The internet reachable by Google has over a million terabytes of data . Every minute 300 hours of new video is added to YouTube . In the time it took to read this sentence, at least 10,000 new tweets have appeared on Twitter .
We’re drowning in information, so it’s only natural to feel overwhelmed. Right?
I was asked about this in a recent podcast: how can you deal with information overload? On the surface, it seems like a completely reasonable question. There is so much more to read, watch and respond to that it can feel a bit overwhelming.
However, I think the explosion of data hasn’t really changed much about how we ought to stay informed. Most things aren’t worth reading. Of those that are, there’s an enormous amount of redundancy built in. The amount of truly original ideas worth learning is much, much smaller than statistics like I quoted above would lead you to believe.
On the (Relative) Paucity of Good Ideas
If ideas, as opposed to mere information, were truly exploding, we should be able to test this. Pick a few dozen important ideas, then ask when those ideas were first shared or discovered. If knowledge is growing exponentially, the majority of those should have been discovered in the last few decades.
Yet if you actually go through this exercise, the striking thing is just how old most of the important ideas are.
Quantum mechanics, that revolutionary physics that still baffles most of us? 100 years . DNA, the molecular secret of all life? Over forty years . The idea of artificial intelligence? Alan Turing spoke about it  in nearly the same breath as he did in inventing a universal computer. Even the cutting edge “deep” learning strategies are largely based on algorithms that are decades older, but for which the technology wasn’t quite fast enough to make powerful until recently.
What ideas of the last decade or two will stand out as truly being worth learning in another hundred years? Blockchain? Quantum computing? CRISPR? Exciting developments to be sure, but the list is far, far smaller than the explosion in the Internet makes it first appear.
If anything, the rate of genuinely good new ideas worth learning may actually be slowing down , the opposite of what information overload suggests.
If Good Ideas are Rare, Why is the Internet So Big?
To be fair, the number of good ideas worth learning is still large enough that few can reasonably manage to understand more than the general outline of most of them in their lifetimes. However, this was also true fifty years ago, well before the idea of “information overload” had become popular.
If the explosion of “stuff” on the internet isn’t matched to an explosion in good ideas, then what’s all the stuff?
A cynical answer is to say it’s all noise, that nothing worth knowing appears online and we should all go back to reading the classics.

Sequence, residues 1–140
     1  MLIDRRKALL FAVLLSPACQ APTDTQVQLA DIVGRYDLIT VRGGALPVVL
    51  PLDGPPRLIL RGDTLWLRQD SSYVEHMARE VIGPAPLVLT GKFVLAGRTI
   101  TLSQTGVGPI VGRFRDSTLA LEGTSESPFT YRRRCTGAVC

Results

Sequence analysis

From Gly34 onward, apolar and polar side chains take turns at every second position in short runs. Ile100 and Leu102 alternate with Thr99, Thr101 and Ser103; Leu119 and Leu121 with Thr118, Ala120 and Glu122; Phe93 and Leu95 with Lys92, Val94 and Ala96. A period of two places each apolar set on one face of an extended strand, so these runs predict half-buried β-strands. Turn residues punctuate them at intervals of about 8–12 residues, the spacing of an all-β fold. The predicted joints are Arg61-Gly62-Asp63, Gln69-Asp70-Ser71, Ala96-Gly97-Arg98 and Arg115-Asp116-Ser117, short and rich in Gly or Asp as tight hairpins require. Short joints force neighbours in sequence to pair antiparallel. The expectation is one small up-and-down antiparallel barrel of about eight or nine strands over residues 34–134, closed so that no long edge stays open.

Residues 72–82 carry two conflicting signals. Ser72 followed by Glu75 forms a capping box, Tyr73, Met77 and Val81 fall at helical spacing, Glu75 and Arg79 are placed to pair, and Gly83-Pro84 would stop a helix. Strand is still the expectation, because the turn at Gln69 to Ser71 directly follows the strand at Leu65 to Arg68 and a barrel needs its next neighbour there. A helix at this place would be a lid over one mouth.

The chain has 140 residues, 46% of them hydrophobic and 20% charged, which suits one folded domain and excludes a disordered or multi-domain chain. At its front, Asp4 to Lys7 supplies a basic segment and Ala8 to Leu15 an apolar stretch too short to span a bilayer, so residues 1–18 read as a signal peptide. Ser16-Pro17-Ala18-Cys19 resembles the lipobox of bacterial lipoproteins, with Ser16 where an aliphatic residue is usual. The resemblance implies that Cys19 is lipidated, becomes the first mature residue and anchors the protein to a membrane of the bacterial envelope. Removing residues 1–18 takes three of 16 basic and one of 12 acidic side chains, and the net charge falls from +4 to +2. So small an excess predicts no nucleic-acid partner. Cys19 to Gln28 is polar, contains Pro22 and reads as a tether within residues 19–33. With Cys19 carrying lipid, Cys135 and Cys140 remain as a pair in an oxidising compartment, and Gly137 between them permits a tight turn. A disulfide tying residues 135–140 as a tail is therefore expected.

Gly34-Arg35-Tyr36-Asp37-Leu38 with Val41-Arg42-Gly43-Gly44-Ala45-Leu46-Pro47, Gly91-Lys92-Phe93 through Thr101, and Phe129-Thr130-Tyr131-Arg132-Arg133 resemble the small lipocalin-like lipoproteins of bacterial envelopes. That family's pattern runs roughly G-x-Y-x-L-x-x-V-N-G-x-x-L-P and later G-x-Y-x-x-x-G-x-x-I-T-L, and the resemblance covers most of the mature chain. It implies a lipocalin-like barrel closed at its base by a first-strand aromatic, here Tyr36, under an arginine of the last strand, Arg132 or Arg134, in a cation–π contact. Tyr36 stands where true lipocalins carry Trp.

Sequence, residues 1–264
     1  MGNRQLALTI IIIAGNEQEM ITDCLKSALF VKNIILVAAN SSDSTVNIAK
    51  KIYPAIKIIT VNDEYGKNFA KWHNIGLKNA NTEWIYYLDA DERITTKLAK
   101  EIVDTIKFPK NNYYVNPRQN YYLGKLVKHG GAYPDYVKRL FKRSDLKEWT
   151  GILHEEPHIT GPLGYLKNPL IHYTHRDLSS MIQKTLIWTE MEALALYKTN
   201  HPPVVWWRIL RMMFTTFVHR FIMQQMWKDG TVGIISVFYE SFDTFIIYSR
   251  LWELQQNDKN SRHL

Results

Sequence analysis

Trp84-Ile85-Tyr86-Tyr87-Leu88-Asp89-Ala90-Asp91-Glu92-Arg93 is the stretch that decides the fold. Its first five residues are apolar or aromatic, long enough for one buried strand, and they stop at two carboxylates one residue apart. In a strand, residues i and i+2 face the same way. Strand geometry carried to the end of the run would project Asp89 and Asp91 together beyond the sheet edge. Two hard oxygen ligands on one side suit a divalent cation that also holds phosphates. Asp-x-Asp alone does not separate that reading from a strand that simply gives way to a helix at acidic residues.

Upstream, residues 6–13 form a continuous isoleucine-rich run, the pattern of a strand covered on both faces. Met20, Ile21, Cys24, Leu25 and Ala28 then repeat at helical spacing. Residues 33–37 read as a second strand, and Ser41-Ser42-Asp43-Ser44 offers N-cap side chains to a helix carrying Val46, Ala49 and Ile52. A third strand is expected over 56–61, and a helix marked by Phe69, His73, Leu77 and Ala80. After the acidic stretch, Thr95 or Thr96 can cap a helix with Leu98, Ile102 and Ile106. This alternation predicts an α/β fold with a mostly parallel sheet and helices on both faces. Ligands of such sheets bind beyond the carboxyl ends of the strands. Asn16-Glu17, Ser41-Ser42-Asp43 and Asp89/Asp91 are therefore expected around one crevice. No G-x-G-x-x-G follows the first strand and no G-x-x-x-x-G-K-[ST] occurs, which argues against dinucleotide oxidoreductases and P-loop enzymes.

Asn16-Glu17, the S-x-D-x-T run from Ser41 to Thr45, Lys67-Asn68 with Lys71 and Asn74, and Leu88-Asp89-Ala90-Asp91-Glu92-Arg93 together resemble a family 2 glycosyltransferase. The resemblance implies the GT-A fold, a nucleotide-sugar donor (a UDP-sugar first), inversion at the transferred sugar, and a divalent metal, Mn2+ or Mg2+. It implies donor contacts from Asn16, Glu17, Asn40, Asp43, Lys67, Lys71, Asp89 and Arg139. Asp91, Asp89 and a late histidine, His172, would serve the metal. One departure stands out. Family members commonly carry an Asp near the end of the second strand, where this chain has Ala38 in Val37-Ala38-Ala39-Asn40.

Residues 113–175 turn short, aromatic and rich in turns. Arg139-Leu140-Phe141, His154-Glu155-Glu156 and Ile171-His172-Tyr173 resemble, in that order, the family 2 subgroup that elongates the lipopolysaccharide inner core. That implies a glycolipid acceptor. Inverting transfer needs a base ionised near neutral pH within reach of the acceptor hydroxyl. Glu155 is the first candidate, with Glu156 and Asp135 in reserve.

My own response is simply that for every good idea, there are many, many different ways of expressing it. That includes this very article you’re reading now—my own little take on some of the more fundamental facts around us. Different expressions of ideas can be useful, but they also include considerable redundancy.
As someone who is responsible for his fair share of redundant “stuff” online, I’m happy we live in a world where there are many different ways to teach and express fundamental ideas. I’m happy they can be reassembled and debated in so many different ways to allow interesting conversations.
But this prevalence of content isn’t the same as an overload of information.
What’s the Real Problem?
I think the real problem with the information available is that most people aren’t deeply interested in learning the important ideas . For them, the information represents entertainment, distraction, gossip or fashion. Knowing the deep and useful things isn’t high on the list.
The inverse of that, however, is that if you are really interested in understanding the world, the deluge of redundant manifestations of those ideas is super helpful. If you don’t understand an idea one way, you can read about it from a hundred different perspectives, one of which will likely click with you.
How do you know which ideas are truly important? This is also, largely, a fake problem. The important ideas are the ones that keep showing up, again and again, allowing you to understand the other things you’re learning and doing.
Ideas are important because of their frequency and utility. An idea that keeps being referenced when you’re learning something else is one worth learning on its own. Similarly, if understanding an idea is necessary to do or learn something else it matters more.
When I was doing the MIT Challenge , for instance, I think the Fourier Transform  was introduced and explained separately in at least 4-5 classes, so that was a pretty big sign that it was important. Similarly, if you pick a less academic topic such as self-improvement, the terms habits, goals and motivation are going to show up again and again—best to understand these deeply if you want to make progress.
Cherish Good Ideas
If you start reading more, with the intention of really learning deep and useful things, it becomes increasingly obvious how rare good ideas actually are. I’ve written about many, but I’m quite confident I’ve never generated one myself.
Seen from this lens, the problem is not information overload but idea scarcity. When you find something truly deep and useful, explore and savor it fully, even if it requires a little more work at first.